Warning to building owners failing on safety

Warning to building owners failing on safety

Source: HSE

Last week, the Minister for Housing and Building Safety, Lee Rowley, convened a round table of council chief executives to discuss the action they are taking against building owners who are failing to fix medium and high-rise buildings with known building safety issues in their area.

The Department for Levelling Up, Housing and Communities has provided over £8 million in funding to councils to boost enforcement teams. The Minister pressed councils to explain how this funding is being used to force rogue building owners to act.

The meeting followed successful legal action the government, leaseholders and councils have taken in recent months against building owners to make sure vital safety work is carried out. The Minister stressed the vital role of councils in making sure building owners fix their unsafe buildings.

Minister for Building Safety Lee Rowley said: “Councils and fire and rescue services play a crucial role in making sure dangerous buildings get fixed when building owners are stalling. Lots of councils are already doing great work in this area but all councils need to take the appropriate action to protect residents and make sure those responsible for making homes safe do so without any further delay.

“The warning to owners refusing fix their buildings is clear: get on with remediation or action will be taken against you.”

Government legal action has forced Grey GR, a subsidiary of RailPen – an organisation that has failed to remediate a substantial number of buildings – to fix building safety issues at Galbraith House in Birmingham within three weeks, despite having known about the building safety defects for six years. The government is taking enforcement action covering six further Grey GR buildings with trials set to take place this year.

In addition to Grey GR, Wallace Estates, which has consistently failed to fix building safety defects, has now accepted remediation orders brought by the government covering four buildings. This provides much-needed certainty for approximately 400 leaseholders by committing the company to dates for the completion of work.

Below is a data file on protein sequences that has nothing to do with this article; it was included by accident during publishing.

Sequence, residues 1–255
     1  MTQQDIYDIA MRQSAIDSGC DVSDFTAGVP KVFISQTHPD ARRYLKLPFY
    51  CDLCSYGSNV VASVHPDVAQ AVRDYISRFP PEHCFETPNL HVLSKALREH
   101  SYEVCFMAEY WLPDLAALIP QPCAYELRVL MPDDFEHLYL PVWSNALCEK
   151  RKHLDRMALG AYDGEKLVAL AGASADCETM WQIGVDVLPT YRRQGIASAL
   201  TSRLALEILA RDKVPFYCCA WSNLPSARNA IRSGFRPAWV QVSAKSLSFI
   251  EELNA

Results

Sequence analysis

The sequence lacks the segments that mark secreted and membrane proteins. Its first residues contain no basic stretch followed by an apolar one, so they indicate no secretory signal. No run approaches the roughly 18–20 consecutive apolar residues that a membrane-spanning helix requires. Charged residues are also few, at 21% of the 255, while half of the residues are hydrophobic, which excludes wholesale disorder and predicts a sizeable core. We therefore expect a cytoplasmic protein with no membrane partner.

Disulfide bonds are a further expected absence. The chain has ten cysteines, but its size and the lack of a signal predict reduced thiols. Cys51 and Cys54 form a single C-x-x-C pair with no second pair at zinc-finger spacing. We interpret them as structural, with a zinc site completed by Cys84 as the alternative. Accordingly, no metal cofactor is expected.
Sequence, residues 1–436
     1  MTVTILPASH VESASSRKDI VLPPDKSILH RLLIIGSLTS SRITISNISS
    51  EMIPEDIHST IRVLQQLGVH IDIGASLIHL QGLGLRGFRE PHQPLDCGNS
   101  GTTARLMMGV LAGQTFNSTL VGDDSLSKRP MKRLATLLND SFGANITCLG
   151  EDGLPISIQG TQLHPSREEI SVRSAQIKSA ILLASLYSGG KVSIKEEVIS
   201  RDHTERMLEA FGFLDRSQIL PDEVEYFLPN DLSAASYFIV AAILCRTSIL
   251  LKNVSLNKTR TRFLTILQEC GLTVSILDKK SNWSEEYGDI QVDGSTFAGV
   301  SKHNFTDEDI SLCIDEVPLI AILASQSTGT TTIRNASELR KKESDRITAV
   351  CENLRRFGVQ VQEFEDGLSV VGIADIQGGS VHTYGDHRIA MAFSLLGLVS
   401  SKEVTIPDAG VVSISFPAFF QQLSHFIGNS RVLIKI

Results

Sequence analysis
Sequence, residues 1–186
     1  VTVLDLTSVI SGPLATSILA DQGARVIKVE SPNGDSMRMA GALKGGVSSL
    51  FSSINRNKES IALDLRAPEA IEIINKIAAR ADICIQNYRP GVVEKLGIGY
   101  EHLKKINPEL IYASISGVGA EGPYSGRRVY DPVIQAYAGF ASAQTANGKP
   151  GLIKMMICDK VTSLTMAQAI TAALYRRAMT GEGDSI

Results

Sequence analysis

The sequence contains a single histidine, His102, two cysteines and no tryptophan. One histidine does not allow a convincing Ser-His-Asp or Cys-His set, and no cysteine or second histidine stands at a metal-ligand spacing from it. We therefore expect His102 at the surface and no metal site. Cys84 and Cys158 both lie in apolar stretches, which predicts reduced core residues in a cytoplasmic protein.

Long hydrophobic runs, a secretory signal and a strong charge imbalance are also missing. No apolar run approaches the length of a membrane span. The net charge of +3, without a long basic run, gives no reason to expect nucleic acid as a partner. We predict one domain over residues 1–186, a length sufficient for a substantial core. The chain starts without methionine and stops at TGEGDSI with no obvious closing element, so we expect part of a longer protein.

This January the First-tier Tribunal issued a remediation order against Wallace Estates, following an application by leaseholders in Croydon. Wallace Estates were ordered to fix their unsafe building by May 2025, and were criticised for not acting fast enough to remediate defects they knew were present. In all five orders issued under the Building Safety Act to date, the First-tier Tribunal has ordered building owners to get on with fixing, or paying to fix, their unsafe buildings.

At last week’s meeting, council leaders discussed action they are taking using legal powers, including hearing from representatives from Newham Council who have prosecuted a building owner for delays in removing dangerous cladding – a significant step forward in the fight to protect residents from unsafe cladding.

Where remediation is not progressing, building owners are warned to expect to face robust enforcement action from regulators – including councils – with the full support of government behind them. This commitment is underlined in the government’s joint statement with building safety bodies on enforcing the remediation of fire safety defects.

Department for Levelling Up, Housing and Communities
February 2024

Our Comment

This meeting again illustrates the importance of addressing fire safety defects in blocks of flats. It is imperative for the protection of life, property, and legal compliance and ensures the well-being of residents, safeguards against financial losses, and contributes to the overall safety and resilience of those residing in high rise buildings.

Warning to Building Owners


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